But even considering the death penalty as a deterrent factor against crime by comparing the number of serious crimes having or not having the death penalty, we should not simply compare the number of serious crimes in countries favoring the death penalty with those which have abolished it. Unless we take statistics to compare the occurrence of serious crimes in countries that have abolished death penalty with the number of occurrences in the same countries when they approved death executions, we can not have a right point of comparison to make a just judgement on the efficacy of deterrence. Such surveys are not available yet.

In the case of Japan, the reason she offers not to sign the International Treaty for the abolition of the death penalty is that the majority of the population, as public opinion shows, is for retaining the death penalty. Nevertheless, when the data are collected, the item, “if conditions are met I am for the abolition of death penalty” is interpreted as “if conditions are not met I am against the abolition of death penalty”. As a result, the number of those wishing to retain the system of death penalty reaches the majority. But this counting mechanism has been publicly exposed.

Thinking on those terms, the opinion that stresses the death penalty as a deterrence against crime can not be taken as grounded on true objective information at all.

Need of spiritual care of victims

The need for the psychological care of the victims. Fr. Nishio said that he was not able to find a ready answer to those who favored the death penalty when asked pointedly, “you talk only about abolishing the death penalty, but what do those favoring abolition think of the human rights of the victims?”.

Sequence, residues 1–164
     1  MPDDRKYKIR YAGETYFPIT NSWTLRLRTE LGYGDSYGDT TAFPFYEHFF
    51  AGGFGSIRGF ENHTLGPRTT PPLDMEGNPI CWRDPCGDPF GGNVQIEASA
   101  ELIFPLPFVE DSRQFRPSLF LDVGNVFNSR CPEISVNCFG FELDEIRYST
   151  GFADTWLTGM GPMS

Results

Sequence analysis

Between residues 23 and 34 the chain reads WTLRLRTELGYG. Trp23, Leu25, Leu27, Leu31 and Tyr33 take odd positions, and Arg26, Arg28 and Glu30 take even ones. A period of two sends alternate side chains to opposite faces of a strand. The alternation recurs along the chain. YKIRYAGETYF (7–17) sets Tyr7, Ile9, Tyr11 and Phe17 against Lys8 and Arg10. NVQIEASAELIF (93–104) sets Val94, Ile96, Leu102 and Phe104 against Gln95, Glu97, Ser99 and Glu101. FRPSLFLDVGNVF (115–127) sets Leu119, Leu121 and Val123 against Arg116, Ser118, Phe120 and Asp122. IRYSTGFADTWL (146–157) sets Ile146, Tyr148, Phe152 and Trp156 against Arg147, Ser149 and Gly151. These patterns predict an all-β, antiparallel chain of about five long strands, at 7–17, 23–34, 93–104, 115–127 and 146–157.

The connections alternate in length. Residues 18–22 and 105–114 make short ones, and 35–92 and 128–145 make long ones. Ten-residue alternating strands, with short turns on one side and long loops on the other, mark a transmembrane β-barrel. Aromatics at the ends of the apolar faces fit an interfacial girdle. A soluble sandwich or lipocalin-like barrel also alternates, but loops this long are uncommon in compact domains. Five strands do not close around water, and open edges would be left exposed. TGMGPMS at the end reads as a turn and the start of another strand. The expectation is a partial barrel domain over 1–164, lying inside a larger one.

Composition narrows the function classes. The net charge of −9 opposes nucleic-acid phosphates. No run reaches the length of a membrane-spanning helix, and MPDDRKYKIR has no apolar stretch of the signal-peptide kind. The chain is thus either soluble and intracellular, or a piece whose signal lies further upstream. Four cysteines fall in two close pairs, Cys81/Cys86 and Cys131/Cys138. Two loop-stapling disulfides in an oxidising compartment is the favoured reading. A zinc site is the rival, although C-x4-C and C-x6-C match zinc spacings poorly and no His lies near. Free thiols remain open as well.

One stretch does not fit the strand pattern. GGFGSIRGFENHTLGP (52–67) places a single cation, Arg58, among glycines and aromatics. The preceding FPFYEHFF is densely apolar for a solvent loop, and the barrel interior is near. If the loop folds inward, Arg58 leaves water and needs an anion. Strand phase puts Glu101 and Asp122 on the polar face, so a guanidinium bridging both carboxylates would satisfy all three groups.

Fr. Nishio said that what he wanted to stress at this moment was that victims with psychological suffering due to wounds need medical care, not consolation or religion, and a system for assisting them materially has to be expanded. This is a priority ahead of discussing the abolition or retention of capital punishment.

Death penalty in the Bible

Fr. Nishio proceeded then to the death penalty in the Bible, a most important issue for us Christians.

We must, firstly, reflect that there are many passages in the Bible approving capital punishment. Take Exodus 21:12 for instance: “Anyone who strikes a man and so causes his death, must die”. Stressing such a passage we can be told: “is not this a clear proof that the Bible, you Christians evaluate so highly, is for death penalty?”, or maybe we are asked “Is not the Catholic church unclear about the issue of capital punishment?”. How should we answer?

As I explained before, talking about the origin and development of the opinion on educational punishment, there were times when the system of death penalty, the same as wars, was considered “a matter of fact”. And even now there are many people who think the same way.


Considering such a point of view, and because of historical circumstances that accepted capital punishment, the fact that the passages of the Bible on the death penalty were interpreted literally and widely accepted is nothing to surprise anyone.

Nevertheless, once we think about punishment not as retribution but in consonance with the concept of educational punishment, we find the need to learn rightly and to put into practice the just will of God as it is expressed in His words, more than to make a literal interpretation of the Bible.

Consequently, there are proves in many passages of the Gospel where Jesus stresses the respect for human rights, like, for instance, when he cured a man covered with leprosy who was abhorred by society and sent him back healed to the priest, as evidence that he could return to live in society (Luke 5:12-14).
If, today, we apply with flexibility the thinking of the Bible to our modern problems, I think that we can make a right reading of the word of God regarding the death penalty also.

Catholics and Death Penalty

Finally, Fr. Nishio explained that the Pope John Paul II has shown his attitude of being against the death penalty, and that the “Catholic Catechism” will soon offer a clear stand on the issue. I received the impression that we Christians have to question again our attitudes towards capital punishment, and that the time has arrived to take a clear stand.

After listening to the talk of Fr. Nishio we thought we would like to continue reflecting as Christians on the issue of death penalty, without forgetting the respect of the victims and their families, of those of the condemned and their families, and of the rights of prison officers also.

The day we held our meeting we were worried about the difficulty of bringing Fr. Nishio to Tokyo, due to a coming typhoon, but we have to thank God because the typhoon cleared rapidly and we could hold our meeting safely.